The Brunswick and Topsham Water District announced plans to replace its Topsham facility in 2021. (Chris Quattrucci / The Times Record)

TOPSHAM — The Brunswick and Topsham Water District will build a new water treatment plant in Topsham next to the Jackson Station plant at 266 River Road.

The new plant will replace the one Jackson Station, which is also home to the district’s administrative offices. The current facility was built in 1971, and the district says it needs a new system to maintain water quality standards.

“Our system meets all of the (Environmental Protection Agency) water quality standards,” said General Manager Alan Frasier. “But, our existing system is not cut out to do this in the long-term.”

Frasier said the potential cost for the project was unclear. The new facility will need to be designed before the district determines how much it will cost. The 2017 water quality report stated the expected cost could range from $20 million to $25 million. Frasier said customers can follow the Brunswick and Topsham Water District Facebook page for updates in the process.

“We don’t even know what it’s going to look like yet,” said Frasier. “This is our headquarters, so it will need to serve the needs of the water plant and all of our operational needs.”

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The Jackson Station plant is one of four the department uses to draw groundwater from wells, with the other three located in Brunswick. The district’s Brunswick locations are Jordan Avenue, Taylor and Williams stations. The Topsham plant provides the largest supply of water at 60 percent.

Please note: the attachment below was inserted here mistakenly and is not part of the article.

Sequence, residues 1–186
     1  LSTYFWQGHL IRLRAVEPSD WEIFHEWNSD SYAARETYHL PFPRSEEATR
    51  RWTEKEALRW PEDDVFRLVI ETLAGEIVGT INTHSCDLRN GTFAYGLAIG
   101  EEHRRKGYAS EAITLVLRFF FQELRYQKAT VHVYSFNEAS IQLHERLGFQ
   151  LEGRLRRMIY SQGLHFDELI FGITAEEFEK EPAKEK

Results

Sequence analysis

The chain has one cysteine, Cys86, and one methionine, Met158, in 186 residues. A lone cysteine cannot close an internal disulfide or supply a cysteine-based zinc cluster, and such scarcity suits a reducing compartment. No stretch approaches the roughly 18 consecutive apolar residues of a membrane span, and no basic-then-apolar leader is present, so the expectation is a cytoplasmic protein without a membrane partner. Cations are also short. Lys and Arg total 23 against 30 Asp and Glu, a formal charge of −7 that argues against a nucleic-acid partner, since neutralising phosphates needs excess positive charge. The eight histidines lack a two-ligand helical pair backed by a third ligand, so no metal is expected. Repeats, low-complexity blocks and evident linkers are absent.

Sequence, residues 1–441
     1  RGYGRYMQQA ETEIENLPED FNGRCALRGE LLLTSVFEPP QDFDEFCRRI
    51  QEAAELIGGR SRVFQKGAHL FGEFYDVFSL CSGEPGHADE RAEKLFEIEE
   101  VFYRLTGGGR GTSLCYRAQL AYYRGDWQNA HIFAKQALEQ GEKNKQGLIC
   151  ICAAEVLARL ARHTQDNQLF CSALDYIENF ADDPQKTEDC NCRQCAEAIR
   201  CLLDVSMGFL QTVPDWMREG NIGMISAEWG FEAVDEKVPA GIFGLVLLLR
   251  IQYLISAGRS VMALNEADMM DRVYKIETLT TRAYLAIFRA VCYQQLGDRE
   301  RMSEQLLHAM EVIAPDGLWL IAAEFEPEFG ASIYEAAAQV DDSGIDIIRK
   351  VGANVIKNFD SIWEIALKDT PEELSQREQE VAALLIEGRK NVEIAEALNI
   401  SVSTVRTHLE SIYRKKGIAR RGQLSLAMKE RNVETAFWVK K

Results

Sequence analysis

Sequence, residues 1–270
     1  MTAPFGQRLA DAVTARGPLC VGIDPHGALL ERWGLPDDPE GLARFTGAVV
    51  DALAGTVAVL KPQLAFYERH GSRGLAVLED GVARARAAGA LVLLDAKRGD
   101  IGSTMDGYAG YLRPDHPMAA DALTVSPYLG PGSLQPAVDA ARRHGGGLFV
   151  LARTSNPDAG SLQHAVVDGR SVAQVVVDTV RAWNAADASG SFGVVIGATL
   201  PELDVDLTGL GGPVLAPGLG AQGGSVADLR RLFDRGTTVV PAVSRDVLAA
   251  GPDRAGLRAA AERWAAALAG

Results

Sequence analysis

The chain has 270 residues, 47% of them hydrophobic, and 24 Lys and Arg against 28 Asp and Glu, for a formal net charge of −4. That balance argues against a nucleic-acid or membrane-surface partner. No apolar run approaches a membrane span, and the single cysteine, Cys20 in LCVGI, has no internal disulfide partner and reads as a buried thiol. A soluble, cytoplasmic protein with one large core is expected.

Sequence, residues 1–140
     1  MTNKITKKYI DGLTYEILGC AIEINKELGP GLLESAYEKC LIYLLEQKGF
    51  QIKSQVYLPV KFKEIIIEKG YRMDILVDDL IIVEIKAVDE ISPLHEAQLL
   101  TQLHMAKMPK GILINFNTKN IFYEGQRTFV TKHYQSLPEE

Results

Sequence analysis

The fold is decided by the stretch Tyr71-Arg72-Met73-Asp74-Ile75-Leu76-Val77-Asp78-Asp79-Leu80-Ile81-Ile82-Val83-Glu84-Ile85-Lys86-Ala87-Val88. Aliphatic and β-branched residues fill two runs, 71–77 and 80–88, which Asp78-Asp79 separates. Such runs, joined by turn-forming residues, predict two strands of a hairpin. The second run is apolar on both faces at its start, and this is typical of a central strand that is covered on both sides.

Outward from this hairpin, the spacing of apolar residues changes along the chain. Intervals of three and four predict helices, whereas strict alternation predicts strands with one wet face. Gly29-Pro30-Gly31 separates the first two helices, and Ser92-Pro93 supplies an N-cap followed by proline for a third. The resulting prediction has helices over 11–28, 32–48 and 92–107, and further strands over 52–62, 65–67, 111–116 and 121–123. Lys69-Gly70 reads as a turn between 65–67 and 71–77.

The new treatment plant will produce 3.5 million gallons of water per day — the same amount as the current plant — because of the well resources available. In 2017, the water district delivered an average of 2.26 million gallons of water per day to customers.

In 2012, An engineering study found several building systems were failing and space was inadequate.

A 2017 water quality testing report stated levels of disinfection byproducts (chemical, organic and inorganic matter produced during the process of disinfecting water) were increasing in recent years. This can happen when chlorine used for disinfection combines with natural matter such as decaying leaves.

The water is regularly checked for levels of the disinfection byproducts to meet state and EPA standards. Frasier said the district dialed back its chlorine levels.

“It would be like if you have a cold and you take an aspirin,” said Frasier. “You may feel better for a while, but the cold doesn’t go away.”

With treatment and maintaining water quality in mind, the district has designed a system for its new plant. Engineers and academic experts helped design the system to treat the water last year.

The new facility is expected to be operational in 2021. The Brunswick and Topsham Water District serves 7,200 customers within the two towns.

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